Cloud Options Proliferate Across the Channel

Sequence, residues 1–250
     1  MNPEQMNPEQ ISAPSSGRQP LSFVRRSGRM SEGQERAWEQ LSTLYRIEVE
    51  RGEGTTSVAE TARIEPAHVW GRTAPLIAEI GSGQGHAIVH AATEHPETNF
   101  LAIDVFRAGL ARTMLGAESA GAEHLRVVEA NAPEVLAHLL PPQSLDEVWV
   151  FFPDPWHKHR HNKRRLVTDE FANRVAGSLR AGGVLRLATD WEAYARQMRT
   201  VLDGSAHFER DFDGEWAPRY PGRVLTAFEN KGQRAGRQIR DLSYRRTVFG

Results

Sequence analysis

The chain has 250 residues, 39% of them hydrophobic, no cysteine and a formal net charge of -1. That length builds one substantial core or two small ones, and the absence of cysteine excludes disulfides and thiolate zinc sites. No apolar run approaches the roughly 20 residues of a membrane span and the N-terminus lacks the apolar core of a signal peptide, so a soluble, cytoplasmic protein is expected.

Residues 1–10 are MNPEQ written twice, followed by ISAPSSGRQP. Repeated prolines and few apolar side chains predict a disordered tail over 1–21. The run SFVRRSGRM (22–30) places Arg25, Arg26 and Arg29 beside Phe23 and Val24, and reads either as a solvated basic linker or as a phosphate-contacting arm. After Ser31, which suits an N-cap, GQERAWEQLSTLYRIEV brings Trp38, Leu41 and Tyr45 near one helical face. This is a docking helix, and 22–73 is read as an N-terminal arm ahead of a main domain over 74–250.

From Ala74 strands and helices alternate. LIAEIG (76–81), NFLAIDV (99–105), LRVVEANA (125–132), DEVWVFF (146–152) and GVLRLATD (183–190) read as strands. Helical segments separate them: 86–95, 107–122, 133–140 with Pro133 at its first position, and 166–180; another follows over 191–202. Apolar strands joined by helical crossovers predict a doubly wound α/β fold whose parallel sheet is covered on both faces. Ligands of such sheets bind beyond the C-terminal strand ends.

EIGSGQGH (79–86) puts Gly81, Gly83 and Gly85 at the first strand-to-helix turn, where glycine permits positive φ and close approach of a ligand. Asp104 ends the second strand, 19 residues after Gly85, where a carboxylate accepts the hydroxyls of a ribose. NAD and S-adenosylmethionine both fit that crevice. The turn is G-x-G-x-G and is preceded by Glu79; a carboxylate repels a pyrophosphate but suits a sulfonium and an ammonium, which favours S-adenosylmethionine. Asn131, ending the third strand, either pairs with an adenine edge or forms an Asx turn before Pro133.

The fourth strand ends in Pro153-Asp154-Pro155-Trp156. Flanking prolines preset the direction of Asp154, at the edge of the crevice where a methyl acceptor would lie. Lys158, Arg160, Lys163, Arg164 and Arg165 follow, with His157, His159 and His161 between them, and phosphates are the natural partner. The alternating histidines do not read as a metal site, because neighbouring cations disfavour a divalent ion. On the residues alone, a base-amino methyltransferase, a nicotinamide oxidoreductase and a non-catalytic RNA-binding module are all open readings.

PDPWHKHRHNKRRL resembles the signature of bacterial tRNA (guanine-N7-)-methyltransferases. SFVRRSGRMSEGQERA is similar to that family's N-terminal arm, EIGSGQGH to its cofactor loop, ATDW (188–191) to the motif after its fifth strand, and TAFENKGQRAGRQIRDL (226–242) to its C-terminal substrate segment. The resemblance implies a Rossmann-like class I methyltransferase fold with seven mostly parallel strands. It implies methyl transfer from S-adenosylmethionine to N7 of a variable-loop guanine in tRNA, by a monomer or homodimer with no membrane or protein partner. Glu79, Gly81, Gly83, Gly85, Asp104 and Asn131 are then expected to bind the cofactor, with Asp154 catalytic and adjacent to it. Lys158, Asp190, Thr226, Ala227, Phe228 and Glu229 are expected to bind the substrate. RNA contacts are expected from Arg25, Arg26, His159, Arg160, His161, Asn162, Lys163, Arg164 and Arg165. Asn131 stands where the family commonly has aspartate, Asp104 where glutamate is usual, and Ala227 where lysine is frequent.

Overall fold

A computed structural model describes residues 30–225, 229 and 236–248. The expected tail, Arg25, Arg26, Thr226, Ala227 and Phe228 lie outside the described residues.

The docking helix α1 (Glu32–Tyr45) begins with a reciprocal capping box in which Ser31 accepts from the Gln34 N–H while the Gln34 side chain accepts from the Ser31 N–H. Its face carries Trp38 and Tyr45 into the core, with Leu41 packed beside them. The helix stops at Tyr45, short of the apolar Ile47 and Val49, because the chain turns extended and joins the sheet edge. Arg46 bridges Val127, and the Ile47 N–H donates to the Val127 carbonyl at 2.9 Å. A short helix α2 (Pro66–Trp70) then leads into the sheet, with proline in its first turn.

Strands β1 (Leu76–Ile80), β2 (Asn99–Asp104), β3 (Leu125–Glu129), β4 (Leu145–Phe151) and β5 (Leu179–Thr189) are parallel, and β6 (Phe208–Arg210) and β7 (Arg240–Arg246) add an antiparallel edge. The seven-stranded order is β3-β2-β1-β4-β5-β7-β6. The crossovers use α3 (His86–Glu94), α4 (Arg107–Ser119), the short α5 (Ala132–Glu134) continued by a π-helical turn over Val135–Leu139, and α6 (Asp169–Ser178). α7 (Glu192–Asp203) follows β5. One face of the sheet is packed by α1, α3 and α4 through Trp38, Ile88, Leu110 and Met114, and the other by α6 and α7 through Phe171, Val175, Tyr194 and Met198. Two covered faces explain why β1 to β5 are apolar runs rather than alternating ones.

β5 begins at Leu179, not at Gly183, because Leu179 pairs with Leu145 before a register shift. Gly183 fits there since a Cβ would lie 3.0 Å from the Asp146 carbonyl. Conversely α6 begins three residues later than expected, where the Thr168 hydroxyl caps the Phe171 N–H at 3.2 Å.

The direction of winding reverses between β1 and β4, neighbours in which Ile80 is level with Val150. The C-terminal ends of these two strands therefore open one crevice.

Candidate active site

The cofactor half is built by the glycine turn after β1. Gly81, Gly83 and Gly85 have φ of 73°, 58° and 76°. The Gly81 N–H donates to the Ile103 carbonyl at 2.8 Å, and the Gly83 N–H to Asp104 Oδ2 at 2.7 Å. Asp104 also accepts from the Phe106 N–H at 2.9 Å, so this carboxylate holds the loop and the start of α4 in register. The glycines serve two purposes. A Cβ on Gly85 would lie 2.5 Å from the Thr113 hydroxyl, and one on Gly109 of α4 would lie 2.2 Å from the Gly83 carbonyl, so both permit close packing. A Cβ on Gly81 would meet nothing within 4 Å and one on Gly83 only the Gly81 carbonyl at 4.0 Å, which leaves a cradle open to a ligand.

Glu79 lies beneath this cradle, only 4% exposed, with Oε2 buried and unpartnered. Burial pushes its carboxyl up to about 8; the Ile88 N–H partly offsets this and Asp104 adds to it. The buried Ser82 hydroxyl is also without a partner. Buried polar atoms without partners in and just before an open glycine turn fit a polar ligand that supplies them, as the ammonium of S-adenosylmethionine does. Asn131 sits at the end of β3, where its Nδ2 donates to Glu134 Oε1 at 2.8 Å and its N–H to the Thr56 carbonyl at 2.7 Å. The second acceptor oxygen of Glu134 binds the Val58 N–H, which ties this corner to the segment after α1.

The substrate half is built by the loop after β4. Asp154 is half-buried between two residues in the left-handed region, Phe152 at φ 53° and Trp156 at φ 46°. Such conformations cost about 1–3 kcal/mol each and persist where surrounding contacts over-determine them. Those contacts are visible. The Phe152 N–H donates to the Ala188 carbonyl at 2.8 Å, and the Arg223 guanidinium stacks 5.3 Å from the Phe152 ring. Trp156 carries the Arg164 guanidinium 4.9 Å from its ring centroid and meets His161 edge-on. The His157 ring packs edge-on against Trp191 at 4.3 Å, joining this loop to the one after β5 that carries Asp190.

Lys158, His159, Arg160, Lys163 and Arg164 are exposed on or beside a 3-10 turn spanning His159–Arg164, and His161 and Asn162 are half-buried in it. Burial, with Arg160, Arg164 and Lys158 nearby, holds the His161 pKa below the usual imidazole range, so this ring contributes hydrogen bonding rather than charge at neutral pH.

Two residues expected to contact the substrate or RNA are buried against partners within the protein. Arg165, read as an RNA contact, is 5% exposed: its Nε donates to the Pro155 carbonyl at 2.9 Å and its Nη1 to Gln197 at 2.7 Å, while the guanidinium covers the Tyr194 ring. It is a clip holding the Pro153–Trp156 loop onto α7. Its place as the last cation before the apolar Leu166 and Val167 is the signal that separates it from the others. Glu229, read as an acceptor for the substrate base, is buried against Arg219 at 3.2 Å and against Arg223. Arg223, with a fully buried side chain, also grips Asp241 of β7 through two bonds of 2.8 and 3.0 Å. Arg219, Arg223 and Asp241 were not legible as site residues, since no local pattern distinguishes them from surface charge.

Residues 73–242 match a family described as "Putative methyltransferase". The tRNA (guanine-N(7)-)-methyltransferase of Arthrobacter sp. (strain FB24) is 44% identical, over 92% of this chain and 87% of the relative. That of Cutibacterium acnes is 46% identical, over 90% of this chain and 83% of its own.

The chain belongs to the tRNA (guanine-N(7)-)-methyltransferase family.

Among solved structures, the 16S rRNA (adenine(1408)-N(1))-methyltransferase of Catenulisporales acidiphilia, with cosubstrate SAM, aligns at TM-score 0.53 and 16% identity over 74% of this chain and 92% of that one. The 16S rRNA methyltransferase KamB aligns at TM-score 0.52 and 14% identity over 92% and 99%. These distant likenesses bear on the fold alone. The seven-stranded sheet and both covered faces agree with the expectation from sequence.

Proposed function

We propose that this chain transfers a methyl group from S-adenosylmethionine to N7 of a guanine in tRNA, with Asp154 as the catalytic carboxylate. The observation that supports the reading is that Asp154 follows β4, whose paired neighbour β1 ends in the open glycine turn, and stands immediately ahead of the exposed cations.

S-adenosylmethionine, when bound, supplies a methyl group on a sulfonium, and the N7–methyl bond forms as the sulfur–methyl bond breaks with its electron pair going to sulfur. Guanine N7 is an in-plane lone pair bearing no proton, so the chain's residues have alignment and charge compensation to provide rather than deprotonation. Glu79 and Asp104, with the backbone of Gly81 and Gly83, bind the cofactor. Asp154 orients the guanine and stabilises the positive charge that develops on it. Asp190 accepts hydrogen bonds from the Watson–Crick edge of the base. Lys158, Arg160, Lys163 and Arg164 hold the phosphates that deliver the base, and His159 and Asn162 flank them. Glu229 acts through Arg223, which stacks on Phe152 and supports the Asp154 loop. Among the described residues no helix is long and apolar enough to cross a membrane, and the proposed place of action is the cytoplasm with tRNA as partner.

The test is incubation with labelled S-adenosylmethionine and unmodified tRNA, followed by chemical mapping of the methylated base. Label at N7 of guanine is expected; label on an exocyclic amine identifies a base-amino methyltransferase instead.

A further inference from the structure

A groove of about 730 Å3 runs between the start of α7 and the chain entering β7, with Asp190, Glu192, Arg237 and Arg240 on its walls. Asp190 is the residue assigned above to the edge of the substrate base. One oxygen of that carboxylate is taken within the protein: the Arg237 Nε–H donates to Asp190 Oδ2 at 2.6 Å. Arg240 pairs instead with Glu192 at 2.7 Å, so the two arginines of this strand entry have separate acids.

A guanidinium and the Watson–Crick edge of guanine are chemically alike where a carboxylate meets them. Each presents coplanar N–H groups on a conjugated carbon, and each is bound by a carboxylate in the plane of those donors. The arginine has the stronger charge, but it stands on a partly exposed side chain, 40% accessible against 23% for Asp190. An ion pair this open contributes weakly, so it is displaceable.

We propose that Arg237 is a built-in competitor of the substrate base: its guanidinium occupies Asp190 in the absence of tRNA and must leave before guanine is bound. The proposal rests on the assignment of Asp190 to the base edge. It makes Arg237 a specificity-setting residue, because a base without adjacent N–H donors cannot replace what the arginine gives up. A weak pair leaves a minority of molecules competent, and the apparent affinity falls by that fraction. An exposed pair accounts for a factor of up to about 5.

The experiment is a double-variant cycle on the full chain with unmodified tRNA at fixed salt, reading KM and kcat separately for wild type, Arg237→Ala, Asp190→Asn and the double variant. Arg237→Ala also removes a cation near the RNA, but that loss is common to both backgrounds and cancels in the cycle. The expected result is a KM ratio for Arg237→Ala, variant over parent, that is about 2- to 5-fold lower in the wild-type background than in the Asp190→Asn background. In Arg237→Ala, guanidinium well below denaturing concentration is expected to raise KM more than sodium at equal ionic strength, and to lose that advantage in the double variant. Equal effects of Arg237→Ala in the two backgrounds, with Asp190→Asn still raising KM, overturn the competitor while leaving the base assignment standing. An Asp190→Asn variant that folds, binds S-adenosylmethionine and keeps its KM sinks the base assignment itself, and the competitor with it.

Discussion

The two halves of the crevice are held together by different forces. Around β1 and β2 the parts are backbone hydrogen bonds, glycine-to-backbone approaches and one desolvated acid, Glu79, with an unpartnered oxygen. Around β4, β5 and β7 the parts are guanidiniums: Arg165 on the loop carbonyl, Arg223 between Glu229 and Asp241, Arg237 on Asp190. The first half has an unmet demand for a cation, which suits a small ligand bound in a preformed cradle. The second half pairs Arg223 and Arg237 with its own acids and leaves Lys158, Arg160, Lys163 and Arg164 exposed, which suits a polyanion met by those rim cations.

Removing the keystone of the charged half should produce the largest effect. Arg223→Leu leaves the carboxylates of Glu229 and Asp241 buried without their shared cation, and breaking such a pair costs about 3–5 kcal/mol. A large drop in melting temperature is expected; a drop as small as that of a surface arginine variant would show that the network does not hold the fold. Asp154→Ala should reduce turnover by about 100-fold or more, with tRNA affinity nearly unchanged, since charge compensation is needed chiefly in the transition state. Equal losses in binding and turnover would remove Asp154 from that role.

Beyond the technology, smaller cloud providers said the customer experience is better than anything a solution provider is going to get from a major vendor. "We have a 100 percent channel model," said Joe Barnas, director of channels for dinCloud, a provider of desktop virtualization services in the cloud. "Not only are our payouts higher over the long term, but we've also given the solution provider a lot more flexibility, control and consistency." Similarly, Stephen Pace, vice president of channels and worldwide sales for SingleHop—another cloud service provider that allows solutions providers to white label the SingleHop services under their own brand names—said that in the age of the cloud, customer touch still matters. "The relationship still matters, especially in the SMB [small and midsize business] market," said Pace. "Solution providers need to be able to reach out to someone when there's a problem—no matter how automated the technology might be."The challenge, said Jeff Uphues, vice president of business development for Cbeyond, another cloud service provider with a focus on the channel, is to find the provider that best helps the solution provider make the switch to a recurring revenue model based on delivering cloud services."We own all our own fiber," said Uphues."That means we can deliver a true end-to-end cloud environment, where the commission streams are two times anything Amazon offers." In a world where cloud computing is rapidly becoming a commodity, it may be that whoever owns the relationship with the customer will matter most of all. "It's definitely a fight, but it's too early to know who is going to win that fight," said Diane Krakora, CEO of PartnerPath, a channel consulting firm. "Right now, vendors are having a tough time differentiating services." As a result, many channel partners will probably have to develop a full range of cloud services—some of which they will build themselves while others will be provided by partnering with cloud service providers to deliver specific applications or provide additional cloud-bursting capabilities on demand. "A lot will come down to [which cloud providers] solution providers currently have an affinity to do business with today," said Raymond Boggs, vice president of SMB research for IDC. "Partners will lean one way or another, depending on what they need to accomplish. So, for right now at least, they should be placing bets on all the types of cloud services."